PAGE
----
“The complexity of IHT has come around after years of tinkering with the system,” says Adrian Lowcock, investment director at Architas.
Advisers note that many thresholds have not kept pace with inflation. The prime example of this is the nil-rate band, which has been frozen at £325,000 until 2020-21.
Many believe the existing nil-rate band should have been raised to £500,000 rather than introducing an additional “residence nil-rate band” last year. Eventually worth an additional £175,000, this will enable a couple to pass on a family home worth up to £1m tax free to their direct descendants.
“Whilst this has helped [mitigate IHT liability], it has also made IHT more complex,” adds Mr Lowcock.
“Unfortunately, some of the detail is byzantine and has many advisers tearing their hair out with some of its complexities,” says Mike Hodges, partner at Saffrey Champness, the chartered accountant. “A straightforward increase in the nil-rate band would have been a much simpler solution.”
Too much complexity could have the unintended consequence of pushing executors into the hands of advisers, rather than creating a streamlined system which a lay person could navigate with a reasonable degree of confidence.
A gift too far
While individuals and professionals alike agree a review is needed, any simplification also risks reliefs and exemptions being cut or restricted.
One adviser predicts that however politically unpalatable, given the current economic backdrop the chancellor “simply won’t be able to resist making changes to IHT” to increase how much tax the wealthiest families pay.
Gifting money to your heirs while you are still alive forms the central plank of tax planning, but some advisers worry that this could be limited in future.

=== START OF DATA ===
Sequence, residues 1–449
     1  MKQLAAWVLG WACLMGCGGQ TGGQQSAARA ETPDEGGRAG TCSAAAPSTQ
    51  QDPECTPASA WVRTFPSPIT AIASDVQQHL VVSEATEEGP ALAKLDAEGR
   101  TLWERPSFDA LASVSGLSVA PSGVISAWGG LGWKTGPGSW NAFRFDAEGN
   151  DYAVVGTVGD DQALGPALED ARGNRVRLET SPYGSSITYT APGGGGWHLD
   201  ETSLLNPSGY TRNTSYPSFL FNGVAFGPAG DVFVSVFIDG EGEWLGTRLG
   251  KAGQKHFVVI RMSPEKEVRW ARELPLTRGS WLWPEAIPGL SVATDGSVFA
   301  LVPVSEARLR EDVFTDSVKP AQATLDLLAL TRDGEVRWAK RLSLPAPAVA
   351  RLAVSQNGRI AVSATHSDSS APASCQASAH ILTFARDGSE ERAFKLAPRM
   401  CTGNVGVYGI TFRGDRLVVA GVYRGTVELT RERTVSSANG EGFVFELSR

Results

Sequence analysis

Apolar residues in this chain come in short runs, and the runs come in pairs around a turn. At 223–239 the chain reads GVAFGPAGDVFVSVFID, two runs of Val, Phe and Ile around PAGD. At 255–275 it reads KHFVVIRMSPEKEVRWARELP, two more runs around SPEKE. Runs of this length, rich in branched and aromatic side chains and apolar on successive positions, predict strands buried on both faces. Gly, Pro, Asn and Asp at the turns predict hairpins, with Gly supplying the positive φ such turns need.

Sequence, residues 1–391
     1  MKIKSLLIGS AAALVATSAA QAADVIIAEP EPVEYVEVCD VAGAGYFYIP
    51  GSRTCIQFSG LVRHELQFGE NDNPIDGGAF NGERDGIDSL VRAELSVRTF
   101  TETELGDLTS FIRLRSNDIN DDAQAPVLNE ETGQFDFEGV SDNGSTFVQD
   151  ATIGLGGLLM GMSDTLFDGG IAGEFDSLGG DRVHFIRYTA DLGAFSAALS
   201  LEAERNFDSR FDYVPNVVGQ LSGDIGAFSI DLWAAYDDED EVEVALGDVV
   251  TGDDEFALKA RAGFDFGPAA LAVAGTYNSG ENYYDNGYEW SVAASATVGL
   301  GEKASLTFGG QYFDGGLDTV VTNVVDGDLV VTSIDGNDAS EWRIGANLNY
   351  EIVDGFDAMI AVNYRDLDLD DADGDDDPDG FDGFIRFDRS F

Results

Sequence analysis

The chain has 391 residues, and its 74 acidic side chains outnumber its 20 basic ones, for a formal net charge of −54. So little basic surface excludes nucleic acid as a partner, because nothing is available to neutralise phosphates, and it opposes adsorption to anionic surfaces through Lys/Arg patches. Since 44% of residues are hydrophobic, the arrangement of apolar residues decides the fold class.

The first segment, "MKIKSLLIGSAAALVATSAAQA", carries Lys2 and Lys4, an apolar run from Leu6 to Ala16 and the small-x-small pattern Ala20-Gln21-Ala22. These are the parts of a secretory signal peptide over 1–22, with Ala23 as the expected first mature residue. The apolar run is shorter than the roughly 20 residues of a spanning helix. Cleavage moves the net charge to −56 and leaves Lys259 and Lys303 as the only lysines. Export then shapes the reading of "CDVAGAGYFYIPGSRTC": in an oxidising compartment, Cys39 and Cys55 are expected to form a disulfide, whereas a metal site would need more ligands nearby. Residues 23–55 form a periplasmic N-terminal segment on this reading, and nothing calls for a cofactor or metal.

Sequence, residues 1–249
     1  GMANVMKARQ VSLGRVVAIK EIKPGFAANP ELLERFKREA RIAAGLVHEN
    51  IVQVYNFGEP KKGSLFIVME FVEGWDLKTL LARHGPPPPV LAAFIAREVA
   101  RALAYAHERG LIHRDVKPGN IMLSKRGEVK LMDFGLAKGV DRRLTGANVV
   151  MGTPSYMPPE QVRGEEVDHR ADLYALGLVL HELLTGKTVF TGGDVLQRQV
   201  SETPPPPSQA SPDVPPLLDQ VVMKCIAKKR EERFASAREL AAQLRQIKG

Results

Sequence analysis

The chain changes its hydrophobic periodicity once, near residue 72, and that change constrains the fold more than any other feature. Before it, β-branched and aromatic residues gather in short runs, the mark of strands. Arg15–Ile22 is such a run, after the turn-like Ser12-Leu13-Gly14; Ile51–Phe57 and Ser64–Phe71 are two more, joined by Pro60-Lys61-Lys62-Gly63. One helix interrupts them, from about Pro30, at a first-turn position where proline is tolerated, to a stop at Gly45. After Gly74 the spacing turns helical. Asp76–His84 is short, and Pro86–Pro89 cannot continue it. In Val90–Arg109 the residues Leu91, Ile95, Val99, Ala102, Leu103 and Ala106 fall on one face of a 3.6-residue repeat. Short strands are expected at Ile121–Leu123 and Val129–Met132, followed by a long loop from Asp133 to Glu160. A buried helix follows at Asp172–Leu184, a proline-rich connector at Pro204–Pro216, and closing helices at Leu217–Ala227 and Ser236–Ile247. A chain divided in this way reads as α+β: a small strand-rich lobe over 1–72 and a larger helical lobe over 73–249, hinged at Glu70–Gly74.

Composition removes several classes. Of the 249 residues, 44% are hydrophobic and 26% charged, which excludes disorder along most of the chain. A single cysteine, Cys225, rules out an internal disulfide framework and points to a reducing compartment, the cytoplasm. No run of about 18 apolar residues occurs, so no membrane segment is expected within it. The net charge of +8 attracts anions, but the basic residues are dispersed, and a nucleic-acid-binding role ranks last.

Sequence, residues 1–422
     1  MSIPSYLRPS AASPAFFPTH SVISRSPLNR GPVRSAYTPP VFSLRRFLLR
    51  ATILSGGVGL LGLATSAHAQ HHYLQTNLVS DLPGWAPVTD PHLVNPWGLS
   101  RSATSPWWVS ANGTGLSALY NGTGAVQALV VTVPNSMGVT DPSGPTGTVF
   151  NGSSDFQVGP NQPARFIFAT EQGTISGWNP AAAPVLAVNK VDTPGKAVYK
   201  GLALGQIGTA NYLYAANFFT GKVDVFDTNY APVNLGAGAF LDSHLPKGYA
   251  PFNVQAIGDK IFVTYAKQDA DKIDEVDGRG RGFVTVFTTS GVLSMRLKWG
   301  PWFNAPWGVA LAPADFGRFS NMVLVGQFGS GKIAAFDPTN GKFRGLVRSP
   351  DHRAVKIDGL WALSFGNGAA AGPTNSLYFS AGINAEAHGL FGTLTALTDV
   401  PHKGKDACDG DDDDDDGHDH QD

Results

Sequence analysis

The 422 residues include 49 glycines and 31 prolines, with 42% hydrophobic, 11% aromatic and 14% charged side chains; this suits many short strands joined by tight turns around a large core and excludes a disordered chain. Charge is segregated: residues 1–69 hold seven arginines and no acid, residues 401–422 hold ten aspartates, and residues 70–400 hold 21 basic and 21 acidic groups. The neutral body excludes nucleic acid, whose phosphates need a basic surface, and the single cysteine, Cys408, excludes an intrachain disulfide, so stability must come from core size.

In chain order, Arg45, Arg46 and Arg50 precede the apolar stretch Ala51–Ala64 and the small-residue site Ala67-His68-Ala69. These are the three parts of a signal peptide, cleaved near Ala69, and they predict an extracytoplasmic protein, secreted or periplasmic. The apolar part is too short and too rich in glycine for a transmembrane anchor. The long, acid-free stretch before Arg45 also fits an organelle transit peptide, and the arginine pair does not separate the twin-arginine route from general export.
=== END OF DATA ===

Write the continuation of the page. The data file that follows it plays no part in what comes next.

“The government is more likely to be interested in changes which would increase the amount of IHT raised from the public,” warns Mr Lawrence. “It is possible to imagine changes to the ‘potentially exempt transfer rule’ — that a lifetime gift is free of IHT provided that the donor survives a seven-year run-off period from making the gift. It would be easy for this to be lengthened, for example, to 10 years, to make such gifts by elderly taxpayers less likely to work.”
Ms Coles adds that the current gifting rules can have other unintended consequences: “It encourages people to give away large sums sooner than they might be able to afford — especially if they underestimate their longevity or have expensive care needs later in life,” she says.
There are several anomalies that advisers highlight as being potentially vulnerable.
Mr Hodges believes the review is likely to spark a “debate around the perceived generosity of business property relief” which was “hinted at in the OTS terms of reference”.
This relief was primarily intended to allow individuals to pass family businesses on to heirs without them needing to be broken up to fund IHT. However, BPR can also be claimed on certain shares of companies listed on the Alternative Investment Market (Aim) providing that they have been held for more than two years. Many Aim investment funds are specifically marketed for their IHT-reducing capabilities.